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22-28 July 2001

Installment #83 -- Visitor #weekly hits

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Back in August 1999, we were fortunate to hear about a white hummingbird coming to a feeder in Anderson, South Carolina, and even luckier to be able to capture and band the bird (see "Leucistic Hummingbird Banded"). That particular individual turned out to be the first white hummer ever banded in South Carolina, even though it wasn't a true albino. This week our luck was doubled when we got word of another white hummingbird in Chester, South Carolina--much closer to Hilton Pond Center. Thanks to phone calls from Naomi Bridges and Jim Sorrow, we got hooked up with Mack & Agnes Banks, who've been feeding hummers for at least 30 years on their family farm in Chester County's Halsellville Community. Mack & Agnes graciously agreed for us to visit their home early on the morning of 27 July 2001.

Leucistic female Ruby-throated Hummingbird
All photos & text © Hilton Pond Center

After setting up our trap, it only took about ten minutes for a ghostly white hummingbird to appear--a bird that was very, very different from the dozens of normal ruby-throats that swarmed the feeders with it. Within half an hour or so we were able to lure the Great White Hummingbird into the trap, pull a string, and capture it for a closer look. Although the bird lacked typical characteristics, its measurements and other criteria indicated it, too, was a Ruby-throated Hummingbird-- apparently a young female that hatched out this year. Because its beak, eyes, and feet were black instead of pink, this bird wasn't a genuine albino but "leucistic"--whitish where she should have had normal pigment. This hummer actually had many brown feathers--but not green ones--on its crown and body, making it much darker than the typical leucistic bird.

This was only the 13th white Ruby-throated Hummingbird ever banded in the U.S. The following series of close-up photos by bander Bill Hilton Jr. of Hilton Pond Center reveals just how unusual the leucistic bird appeared in comparison to normal ruby-throats.

Tail of leucistic female Ruby-throated Hummingbird

All photos & text © Hilton Pond Center

The leucistic bird's central tail feathers were flimsy and almost completely white, while outer ones were brownish. White tail tips are also typical of normal female--and young male--Ruby-throated Hummingbirds.

Wing of leucistic female Ruby-throated Hummingbird

All photos & text © Hilton Pond Center

The leucistic bird's long primary feathers had brownish tips, and the pigmented primary covert feathers gave her a brown "wing bar" on each wing. The very dark patch of feathers near the bend of the wing may be common to most leucistic hummingbirds.
Leucistic female Ruby-throated Hummingbird

All photos & text © Hilton Pond Center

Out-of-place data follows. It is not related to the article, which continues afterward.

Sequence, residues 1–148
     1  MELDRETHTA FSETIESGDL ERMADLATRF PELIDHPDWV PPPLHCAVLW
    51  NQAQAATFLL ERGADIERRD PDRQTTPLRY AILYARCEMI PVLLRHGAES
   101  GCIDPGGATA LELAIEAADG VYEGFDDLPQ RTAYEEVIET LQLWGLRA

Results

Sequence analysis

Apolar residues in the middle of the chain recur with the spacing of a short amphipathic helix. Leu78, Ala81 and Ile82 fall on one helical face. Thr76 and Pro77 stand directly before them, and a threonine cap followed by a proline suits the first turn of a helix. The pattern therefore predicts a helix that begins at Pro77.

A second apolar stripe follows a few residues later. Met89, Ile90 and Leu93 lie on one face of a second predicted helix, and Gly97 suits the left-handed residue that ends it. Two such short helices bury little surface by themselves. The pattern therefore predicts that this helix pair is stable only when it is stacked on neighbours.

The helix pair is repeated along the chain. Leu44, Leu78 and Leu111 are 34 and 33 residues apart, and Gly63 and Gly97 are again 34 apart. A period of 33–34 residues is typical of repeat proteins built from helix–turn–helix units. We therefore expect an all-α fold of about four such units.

As in all ruby-throats, the leucistic bird was pale beneath, but normal females have some gray and buffy coloration on the flanks. (Note the band on the bird's right leg and compare its size to that of the bander's wedding ring.)

Leucistic female Ruby-throated Hummingbird

All photos & text © Hilton Pond Center

The leucistic bird's crown and nape were conspicuously dark brown, as were some of the feathers on her upper back.

Leucistic female Ruby-throated Hummingbird showing color-markTo help distant banders spot Ruby-throated Hummingbirds banded at Hilton Pond Center, we have permission to mark them with a green "necklace." And, to make sure it would be easy to identify the leucistic hummingbird from Chester, we applied a line of temporary blue dye across her upper breast. The Banks family will be looking for their unusual hummingbird in 2002, even though none of the albino or leucistic hummingbirds banded has ever returned in a following year. We suspect these aberrational birds have more genetic defects than just lack of color, leading to an early demise. Even so, they're still fascinating and fun to watch and band.

NOTE: The capture of this leucistic hummer was documented by Dan Huntley and Deidre Laird, who published an article and photographs in the 28 July 2001 edition of The Charlotte Observer and other Knight-Ridder newspapers. See "Rare white hummingbird visits S.C. feeder, leaves with ID on leg."

All photos & text © Hilton Pond Center

Please e-mail additional reports of white hummingbirds to RESEARCH.

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For lots more info about hummingbirds, click on the logo below:

Ruby-throated Hummingbird
(tail of normal female;
see leucistic tail above)


The following species were banded this week (22-28 July):

Ruby-throated Hummingbird--7*
House Finch--11*

* = Includes at least one Recent Fledgling

(22-28 July 2001)
2 species
18 individuals

63 species
817 individuals
(since 28 June 1982)
122 species
39,100 individuals

Ruby-throated Hummingbird (4)

All photos & text © Hilton Pond Center

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Made With MacintoshHilton Pond Center for Piedmont Natural History is a non-profit research & education organization in York, South Carolina USA; phone (803) 684-5852. Directed by Bill Hilton Jr., aka "The Piedmont Naturalist," it is the parent organization for Operation RubyThroat. Contents of this website--including articles and photos--may NOT be duplicated, modified, or used in any way except with the express written permission of Hilton Pond Center. All rights reserved worldwide. To obtain permission for use or for further assistance on accessing this website, contact: WEBMASTER.

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